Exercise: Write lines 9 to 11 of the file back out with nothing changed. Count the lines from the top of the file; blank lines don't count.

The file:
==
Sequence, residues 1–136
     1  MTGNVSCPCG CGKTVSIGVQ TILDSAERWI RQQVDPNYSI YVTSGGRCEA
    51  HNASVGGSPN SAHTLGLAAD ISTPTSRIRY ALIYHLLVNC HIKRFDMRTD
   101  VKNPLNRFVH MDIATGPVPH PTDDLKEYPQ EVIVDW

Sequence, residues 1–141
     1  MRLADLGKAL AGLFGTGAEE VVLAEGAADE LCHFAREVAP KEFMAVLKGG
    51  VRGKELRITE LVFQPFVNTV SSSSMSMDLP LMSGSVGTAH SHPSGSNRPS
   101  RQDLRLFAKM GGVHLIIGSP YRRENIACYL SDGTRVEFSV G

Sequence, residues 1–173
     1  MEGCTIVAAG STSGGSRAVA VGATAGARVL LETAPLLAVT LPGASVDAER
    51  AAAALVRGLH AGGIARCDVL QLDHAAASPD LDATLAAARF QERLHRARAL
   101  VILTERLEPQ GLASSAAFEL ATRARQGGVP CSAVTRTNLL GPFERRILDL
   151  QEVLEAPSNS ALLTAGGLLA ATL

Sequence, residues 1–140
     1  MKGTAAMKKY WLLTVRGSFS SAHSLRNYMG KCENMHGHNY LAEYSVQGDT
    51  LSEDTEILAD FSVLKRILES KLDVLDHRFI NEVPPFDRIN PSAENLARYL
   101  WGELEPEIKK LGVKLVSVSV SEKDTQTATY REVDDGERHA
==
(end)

Sequence, residues 1–173
     1  MEGCTIVAAG STSGGSRAVA VGATAGARVL LETAPLLAVT LPGASVDAER
    51  AAAALVRGLH AGGIARCDVL QLDHAAASPD LDATLAAARF QERLHRARAL